Cost-effectiveness of treatment and secondary prevention of acute myocardial infarction in India: a modeling study

Itamar Megiddo, Susmita Chatterjee, Arindam Nandi, Ramanan Laxminarayan

Research output: Contribution to journalArticlepeer-review

9 Citations (Scopus)


Background: Cardiovascular diseases are the single largest cause of death in India, with acute myocardial infarction (AMI) accounting for one-third of all heart disease deaths. Although effective treatment is available for AMI, access to treatment is dictated by cost and ability to pay. With scarce treatment resources, healthcare decisions are guided by local cost-effectiveness, for which country-level data are lacking.

Objectives: We calculate the cost-effectiveness of policies that expand the use of aspirin, injection streptokinase, beta-blockers, angiotensin-converting enzyme inhibitors, and statins for the treatment and secondary prevention of AMI in India. We also estimate the cost-effectiveness of a hypothetical polypill (combining aspirin, beta blockers, angiotensin-converting enzyme inhibitors, and statins) for secondary prevention.

Methods: We conduct cost-effectiveness analyses of AMI treatment and secondary prevention for patients with previous coronary heart disease events in India. We estimate coronary heart disease events using Framingham risk scores and disease prevalence using a cohort ordinary differential model. Other parameter estimates are from the literature. Polypill treatment is assumed to cost less than the additive cost of all 4 oral medications, but it is not assumed to increase adherence. We conduct a Latin hypercube sampling sensitivity analysis on the model parameters.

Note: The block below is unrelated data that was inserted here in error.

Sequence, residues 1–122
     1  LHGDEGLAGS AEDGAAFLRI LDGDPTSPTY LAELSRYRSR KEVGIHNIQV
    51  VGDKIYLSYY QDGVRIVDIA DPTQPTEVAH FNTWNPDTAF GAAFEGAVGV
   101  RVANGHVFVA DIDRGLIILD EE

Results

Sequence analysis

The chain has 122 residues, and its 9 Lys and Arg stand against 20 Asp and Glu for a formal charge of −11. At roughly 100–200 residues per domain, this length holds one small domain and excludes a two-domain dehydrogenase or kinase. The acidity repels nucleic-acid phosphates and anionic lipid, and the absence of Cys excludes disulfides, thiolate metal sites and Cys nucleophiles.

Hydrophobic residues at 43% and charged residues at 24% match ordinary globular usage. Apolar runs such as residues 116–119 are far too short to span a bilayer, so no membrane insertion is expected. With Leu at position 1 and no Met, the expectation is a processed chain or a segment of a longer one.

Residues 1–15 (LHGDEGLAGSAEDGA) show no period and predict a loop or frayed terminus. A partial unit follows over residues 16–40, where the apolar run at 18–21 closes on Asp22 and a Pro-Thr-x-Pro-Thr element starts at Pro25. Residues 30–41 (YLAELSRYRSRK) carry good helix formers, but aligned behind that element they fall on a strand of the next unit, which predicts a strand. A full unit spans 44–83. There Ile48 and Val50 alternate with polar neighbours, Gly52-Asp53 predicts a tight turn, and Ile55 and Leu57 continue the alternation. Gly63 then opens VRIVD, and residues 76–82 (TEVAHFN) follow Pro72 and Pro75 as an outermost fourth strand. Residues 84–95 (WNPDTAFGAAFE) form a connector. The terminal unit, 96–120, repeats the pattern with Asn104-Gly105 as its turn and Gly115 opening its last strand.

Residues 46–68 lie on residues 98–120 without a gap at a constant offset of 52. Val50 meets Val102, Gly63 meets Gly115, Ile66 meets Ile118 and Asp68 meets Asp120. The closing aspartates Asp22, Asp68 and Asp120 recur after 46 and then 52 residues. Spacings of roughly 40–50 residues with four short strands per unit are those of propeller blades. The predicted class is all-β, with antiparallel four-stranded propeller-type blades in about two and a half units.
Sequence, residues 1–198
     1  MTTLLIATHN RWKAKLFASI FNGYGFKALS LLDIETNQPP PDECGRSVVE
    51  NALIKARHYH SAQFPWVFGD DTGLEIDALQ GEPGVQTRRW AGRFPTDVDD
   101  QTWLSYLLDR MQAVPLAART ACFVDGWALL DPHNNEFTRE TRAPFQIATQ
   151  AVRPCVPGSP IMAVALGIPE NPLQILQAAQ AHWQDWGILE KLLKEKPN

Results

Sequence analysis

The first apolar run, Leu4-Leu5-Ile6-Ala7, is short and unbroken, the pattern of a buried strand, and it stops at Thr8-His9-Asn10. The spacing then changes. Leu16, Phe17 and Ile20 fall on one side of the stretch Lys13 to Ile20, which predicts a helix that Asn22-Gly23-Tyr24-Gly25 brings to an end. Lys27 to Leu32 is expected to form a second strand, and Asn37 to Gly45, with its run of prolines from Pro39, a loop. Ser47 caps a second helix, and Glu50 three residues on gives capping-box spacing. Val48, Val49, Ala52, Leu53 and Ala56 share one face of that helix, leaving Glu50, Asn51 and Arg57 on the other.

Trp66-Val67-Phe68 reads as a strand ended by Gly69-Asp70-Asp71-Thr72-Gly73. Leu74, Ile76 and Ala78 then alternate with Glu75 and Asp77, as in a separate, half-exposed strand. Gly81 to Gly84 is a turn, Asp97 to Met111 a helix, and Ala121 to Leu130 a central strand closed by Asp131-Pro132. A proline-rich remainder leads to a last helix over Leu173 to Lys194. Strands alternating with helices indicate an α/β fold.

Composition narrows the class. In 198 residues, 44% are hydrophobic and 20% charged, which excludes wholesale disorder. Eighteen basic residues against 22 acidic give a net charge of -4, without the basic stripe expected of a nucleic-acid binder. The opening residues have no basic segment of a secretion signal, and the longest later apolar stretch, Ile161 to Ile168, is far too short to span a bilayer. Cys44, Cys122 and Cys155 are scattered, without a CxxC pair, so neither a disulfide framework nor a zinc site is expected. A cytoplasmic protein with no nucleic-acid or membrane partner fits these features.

Results: Increasing coverage of AMI treatment with aspirin and streptokinase would be cost-effective and could avert approximately 335,000 (191,000 to 503,000) disability-adjusted life years among 30- to 69-year-olds in India. Secondary prevention with aspirin and beta-blockers at 80% coverage (and at lower rates) would be highly cost-effective, and the addition of angiotensin-converting enzyme inhibitors would also be cost-effective. Introducing the polypill dominates a strategy of a 4-drug regimen with the aforementioned drugs and statins. The cost-effectiveness ratio of 80% coverage with the polypill would be $1,690 ($1,220 to $2,410) per disability-adjusted life years averted.

Conclusions: Policies expanding both treatment and preventive therapies are cost-effective, based on gross domestic product per capita comparison. Introducing the polypill would be more effective than providing its components separately, even without accounting for the likely increase in treatment adherence.

Original languageEnglish
Pages (from-to)391-398.e3
Number of pages11
JournalGlobal heart
Issue number4
Publication statusPublished - 31 Dec 2014


  • cost-effectiveness
  • myocardial Infarction
  • India
  • secondary prevention

Cite this